In so far as we may follow rather dim and disputed events, it would seem that the young Thomas Aquinas walked into his father's castle one day and calmly announced that he had become one of the Begging Friars, of the new order founded by Dominic the Spaniard; much as the eldest son of the squire might go home and airily inform the family that he had married a gypsy; or the heir of a Tory Duke state that he was walking tomorrow with the Hunger Marchers organised by alleged Communists. By this, as has been noted already, we may pretty well measure the abyss between the old monasticism and the new, and the earthquake of the Dominican and Franciscan revolution. Thomas had appeared to wish to be a Monk; and the gates were silently opened to him and the long avenues of the abbey, the very carpet, so to speak, laid for him up to the throne of the mitred abbot. He said he wished to be a Friar, and his family flew at him like wild beasts; his brothers pursued him along the public roads, half-rent his friar's frock from his back and finally locked him up in a tower like a lunatic.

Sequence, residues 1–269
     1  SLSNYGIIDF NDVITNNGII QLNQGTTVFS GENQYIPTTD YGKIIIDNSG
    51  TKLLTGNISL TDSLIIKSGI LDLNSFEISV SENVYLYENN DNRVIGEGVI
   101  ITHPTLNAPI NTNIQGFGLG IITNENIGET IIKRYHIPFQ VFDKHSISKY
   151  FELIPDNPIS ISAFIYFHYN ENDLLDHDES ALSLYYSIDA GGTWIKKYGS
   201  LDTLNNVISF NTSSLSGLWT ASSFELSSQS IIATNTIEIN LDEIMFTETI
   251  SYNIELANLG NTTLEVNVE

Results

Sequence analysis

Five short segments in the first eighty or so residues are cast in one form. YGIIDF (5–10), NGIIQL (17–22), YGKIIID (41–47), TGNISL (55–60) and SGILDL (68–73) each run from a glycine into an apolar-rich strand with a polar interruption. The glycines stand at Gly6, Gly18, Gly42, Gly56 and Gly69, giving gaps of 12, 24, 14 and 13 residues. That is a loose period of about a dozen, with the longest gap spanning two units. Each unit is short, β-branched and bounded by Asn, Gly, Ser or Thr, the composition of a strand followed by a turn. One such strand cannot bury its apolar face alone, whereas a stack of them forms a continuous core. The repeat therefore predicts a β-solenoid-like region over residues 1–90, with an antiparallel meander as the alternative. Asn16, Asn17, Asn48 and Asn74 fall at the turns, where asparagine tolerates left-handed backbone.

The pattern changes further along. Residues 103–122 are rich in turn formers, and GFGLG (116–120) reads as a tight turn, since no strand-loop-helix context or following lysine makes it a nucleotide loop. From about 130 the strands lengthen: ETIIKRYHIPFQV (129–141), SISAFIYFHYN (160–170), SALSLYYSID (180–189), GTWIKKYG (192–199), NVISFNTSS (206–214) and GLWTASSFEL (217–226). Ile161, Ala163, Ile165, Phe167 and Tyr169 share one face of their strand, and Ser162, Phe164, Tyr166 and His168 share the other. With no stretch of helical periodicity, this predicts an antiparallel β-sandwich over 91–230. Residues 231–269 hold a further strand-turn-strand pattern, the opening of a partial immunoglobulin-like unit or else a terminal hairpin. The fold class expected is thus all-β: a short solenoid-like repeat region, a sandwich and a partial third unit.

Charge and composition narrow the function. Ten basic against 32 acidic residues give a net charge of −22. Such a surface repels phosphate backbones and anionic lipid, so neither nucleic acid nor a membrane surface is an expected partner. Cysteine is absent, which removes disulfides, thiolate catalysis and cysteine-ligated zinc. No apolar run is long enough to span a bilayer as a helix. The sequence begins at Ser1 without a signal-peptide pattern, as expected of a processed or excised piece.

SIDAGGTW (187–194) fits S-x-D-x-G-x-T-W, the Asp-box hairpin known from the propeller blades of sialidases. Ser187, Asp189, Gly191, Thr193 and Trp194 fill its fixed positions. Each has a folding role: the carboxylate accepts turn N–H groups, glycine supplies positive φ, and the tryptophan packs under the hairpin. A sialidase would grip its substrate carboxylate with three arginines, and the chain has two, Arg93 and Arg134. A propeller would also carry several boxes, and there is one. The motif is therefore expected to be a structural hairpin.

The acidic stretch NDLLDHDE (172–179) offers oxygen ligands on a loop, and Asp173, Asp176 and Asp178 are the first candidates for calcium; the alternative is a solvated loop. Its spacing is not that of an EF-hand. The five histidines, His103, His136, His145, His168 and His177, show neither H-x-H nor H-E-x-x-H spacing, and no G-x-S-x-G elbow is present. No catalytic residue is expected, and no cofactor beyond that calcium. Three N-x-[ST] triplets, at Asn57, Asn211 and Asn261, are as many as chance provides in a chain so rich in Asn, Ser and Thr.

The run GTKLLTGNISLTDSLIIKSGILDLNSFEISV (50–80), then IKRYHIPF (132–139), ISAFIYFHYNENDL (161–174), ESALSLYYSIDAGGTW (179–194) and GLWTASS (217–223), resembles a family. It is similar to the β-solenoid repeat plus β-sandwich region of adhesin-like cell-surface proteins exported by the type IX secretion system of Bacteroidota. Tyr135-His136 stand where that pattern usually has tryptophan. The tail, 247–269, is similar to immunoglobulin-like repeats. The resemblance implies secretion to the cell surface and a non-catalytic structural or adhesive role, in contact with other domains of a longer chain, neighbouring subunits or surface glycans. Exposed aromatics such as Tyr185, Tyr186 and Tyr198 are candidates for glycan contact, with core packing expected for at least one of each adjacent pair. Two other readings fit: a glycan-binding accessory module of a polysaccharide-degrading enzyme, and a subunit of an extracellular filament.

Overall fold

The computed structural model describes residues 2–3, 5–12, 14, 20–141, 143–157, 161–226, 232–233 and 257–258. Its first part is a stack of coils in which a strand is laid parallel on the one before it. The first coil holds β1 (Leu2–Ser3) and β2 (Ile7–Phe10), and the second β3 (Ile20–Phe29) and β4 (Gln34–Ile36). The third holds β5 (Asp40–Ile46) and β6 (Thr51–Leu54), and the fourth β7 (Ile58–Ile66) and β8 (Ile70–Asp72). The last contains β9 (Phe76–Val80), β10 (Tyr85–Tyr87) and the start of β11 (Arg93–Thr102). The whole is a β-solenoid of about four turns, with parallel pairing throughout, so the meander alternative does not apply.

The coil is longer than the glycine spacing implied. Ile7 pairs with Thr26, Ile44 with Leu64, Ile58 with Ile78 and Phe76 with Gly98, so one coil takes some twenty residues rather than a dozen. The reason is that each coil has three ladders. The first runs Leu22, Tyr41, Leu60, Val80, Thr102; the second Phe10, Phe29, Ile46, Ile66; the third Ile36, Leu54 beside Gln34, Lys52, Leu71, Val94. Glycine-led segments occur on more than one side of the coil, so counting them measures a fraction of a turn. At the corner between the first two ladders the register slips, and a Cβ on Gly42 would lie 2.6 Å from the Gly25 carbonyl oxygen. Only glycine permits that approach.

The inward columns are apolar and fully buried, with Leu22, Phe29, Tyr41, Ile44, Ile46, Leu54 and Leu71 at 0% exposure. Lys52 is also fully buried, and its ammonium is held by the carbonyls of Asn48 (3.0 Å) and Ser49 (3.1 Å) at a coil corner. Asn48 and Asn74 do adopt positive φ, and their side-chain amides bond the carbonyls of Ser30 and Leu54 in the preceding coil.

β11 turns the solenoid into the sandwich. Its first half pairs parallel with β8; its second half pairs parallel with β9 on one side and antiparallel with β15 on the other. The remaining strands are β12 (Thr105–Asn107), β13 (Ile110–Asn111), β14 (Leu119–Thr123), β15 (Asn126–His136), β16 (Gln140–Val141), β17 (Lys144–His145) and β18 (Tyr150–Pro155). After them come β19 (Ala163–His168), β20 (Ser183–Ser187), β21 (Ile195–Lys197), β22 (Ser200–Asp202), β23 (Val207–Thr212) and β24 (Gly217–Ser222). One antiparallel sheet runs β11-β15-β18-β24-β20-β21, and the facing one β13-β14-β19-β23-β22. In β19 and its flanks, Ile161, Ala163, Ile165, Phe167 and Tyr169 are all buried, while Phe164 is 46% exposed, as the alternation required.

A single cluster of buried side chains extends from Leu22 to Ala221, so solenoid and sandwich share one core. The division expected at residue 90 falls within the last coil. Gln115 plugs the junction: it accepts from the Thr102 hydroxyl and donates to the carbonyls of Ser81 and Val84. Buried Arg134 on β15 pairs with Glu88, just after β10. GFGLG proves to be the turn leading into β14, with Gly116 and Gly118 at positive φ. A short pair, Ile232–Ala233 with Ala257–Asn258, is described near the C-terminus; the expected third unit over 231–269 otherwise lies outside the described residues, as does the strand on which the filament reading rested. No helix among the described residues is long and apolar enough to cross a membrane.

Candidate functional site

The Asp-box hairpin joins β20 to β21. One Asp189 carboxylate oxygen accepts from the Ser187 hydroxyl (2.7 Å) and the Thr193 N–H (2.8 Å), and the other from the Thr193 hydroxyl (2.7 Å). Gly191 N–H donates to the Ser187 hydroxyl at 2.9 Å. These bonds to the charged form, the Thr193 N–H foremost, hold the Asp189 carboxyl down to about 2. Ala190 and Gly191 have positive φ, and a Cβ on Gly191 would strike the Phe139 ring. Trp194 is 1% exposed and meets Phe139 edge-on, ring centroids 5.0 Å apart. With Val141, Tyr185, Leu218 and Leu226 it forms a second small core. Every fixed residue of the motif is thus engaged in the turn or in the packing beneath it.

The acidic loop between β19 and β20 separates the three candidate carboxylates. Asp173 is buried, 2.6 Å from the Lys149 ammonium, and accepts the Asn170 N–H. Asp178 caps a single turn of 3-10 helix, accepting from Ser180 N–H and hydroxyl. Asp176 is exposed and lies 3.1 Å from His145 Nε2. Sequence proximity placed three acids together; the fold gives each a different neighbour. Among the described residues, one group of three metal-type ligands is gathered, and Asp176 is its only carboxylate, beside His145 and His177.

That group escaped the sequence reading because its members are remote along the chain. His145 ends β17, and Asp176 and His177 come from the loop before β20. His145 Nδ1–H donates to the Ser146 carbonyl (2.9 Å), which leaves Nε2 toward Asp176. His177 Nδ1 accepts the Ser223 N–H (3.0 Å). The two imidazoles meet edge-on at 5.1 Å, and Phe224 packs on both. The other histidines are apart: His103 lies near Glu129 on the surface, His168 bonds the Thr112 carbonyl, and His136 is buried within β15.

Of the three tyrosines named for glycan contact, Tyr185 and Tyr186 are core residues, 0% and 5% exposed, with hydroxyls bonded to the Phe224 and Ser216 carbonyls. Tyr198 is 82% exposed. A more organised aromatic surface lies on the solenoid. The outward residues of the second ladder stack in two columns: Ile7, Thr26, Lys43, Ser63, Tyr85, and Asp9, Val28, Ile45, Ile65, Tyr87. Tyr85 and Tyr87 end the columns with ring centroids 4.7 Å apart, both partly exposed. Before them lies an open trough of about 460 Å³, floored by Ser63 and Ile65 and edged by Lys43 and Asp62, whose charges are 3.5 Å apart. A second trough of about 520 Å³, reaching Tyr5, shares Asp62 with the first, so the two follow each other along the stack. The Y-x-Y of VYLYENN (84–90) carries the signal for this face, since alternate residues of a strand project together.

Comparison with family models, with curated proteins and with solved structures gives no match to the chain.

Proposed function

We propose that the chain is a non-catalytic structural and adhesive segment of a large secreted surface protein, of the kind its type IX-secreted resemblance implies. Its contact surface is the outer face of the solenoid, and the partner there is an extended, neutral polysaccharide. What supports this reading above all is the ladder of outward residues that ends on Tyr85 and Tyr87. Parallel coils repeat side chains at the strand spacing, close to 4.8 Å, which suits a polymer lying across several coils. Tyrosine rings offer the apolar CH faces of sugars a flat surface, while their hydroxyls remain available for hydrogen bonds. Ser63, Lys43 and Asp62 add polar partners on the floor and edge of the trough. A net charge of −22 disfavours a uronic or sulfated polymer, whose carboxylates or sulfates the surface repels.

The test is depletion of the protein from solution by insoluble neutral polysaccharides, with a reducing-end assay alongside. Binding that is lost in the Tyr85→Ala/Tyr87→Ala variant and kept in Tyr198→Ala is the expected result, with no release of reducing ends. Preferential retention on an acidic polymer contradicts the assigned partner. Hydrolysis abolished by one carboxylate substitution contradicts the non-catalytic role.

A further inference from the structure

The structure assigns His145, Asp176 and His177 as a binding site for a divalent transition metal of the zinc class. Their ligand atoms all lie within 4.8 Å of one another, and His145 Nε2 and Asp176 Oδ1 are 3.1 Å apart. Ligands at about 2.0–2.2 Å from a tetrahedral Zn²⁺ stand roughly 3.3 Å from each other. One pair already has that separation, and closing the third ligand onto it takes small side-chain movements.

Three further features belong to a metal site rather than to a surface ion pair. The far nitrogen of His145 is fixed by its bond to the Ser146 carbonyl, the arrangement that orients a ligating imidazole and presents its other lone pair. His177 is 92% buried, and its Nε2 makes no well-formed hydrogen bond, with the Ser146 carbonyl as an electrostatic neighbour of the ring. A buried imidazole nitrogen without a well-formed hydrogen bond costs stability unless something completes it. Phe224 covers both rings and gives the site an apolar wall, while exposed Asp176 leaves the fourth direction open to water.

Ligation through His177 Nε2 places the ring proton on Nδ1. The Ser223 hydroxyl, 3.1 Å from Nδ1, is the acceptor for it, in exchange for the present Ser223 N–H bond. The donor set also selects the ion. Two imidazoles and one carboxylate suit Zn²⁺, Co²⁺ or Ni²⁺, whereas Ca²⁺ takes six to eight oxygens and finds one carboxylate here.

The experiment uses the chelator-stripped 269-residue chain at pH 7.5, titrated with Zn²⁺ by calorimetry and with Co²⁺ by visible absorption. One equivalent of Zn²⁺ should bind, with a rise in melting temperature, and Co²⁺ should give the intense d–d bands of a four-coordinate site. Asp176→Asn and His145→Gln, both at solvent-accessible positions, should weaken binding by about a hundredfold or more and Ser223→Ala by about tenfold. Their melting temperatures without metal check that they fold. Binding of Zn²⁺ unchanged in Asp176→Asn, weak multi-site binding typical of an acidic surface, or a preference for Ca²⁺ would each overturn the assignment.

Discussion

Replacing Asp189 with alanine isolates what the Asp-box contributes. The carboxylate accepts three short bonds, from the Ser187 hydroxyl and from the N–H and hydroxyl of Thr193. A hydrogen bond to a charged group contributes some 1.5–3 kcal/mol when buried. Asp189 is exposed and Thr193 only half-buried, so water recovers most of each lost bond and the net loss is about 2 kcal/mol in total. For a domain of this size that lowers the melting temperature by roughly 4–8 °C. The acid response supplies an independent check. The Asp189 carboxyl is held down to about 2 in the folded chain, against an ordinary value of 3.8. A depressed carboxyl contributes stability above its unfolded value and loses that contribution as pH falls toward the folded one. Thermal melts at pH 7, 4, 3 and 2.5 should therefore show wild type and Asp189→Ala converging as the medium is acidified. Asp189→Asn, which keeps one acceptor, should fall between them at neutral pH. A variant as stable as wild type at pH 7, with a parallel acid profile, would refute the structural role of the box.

It is not very easy to trace the course of this furious family quarrel, and how it eventually spent itself against the tenacity of the young Friar; according to some stories, his mother's disapproval was short-lived and she went over to his side; but it was not only his relatives that were embroiled. We might say that the central governing class of Europe, which partly consisted of his family, were in a turmoil over the deplorable youth; even the Pope was asked for tactful intervention, and it was at one time proposed that Thomas should be allowed to wear the Dominican habit while acting as Abbot in the Benedictine Abbey. To many this would seem a tactful compromise; but it did not commend itself to the narrow medieval mind of Thomas Aquinas. He indicated sharply that he wished to be a Dominican in the Dominican Order, and not at a fancy-dress ball; and the diplomatic proposal appears to have been dropped.